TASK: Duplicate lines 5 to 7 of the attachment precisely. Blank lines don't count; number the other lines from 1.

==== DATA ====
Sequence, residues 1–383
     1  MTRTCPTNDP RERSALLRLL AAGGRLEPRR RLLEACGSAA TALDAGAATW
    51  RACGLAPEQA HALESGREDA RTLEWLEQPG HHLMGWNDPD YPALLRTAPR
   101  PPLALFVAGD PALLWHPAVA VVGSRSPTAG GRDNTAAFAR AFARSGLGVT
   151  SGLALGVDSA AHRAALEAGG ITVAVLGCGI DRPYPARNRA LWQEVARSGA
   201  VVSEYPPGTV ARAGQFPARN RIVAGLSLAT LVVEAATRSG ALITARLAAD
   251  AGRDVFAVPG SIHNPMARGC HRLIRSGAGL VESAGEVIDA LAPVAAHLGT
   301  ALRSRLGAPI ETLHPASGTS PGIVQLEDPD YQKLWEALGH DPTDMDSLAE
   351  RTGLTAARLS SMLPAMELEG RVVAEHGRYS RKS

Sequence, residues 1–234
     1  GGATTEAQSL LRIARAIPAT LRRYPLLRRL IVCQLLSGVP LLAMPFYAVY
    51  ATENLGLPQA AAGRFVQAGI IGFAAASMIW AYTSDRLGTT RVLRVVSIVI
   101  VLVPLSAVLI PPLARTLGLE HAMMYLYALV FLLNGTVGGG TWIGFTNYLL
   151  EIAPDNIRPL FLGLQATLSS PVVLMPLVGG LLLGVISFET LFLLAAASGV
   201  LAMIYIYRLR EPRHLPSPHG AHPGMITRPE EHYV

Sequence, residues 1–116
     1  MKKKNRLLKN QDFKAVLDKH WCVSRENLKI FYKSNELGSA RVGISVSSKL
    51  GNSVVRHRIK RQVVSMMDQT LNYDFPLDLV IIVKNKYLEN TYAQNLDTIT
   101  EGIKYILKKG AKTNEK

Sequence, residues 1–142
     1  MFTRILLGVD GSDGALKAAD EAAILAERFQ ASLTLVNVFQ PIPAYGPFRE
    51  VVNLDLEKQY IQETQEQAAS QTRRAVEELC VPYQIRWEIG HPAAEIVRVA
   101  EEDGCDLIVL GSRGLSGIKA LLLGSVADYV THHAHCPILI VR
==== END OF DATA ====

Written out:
   151  SGLALGVDSA AHRAALEAGG ITVAVLGCGI DRPYPARNRA LWQEVARSGA
   201  VVSEYPPGTV ARAGQFPARN RIVAGLSLAT LVVEAATRSG ALITARLAAD
   251  AGRDVFAVPG SIHNPMARGC HRLIRSGAGL VESAGEVIDA LAPVAAHLGT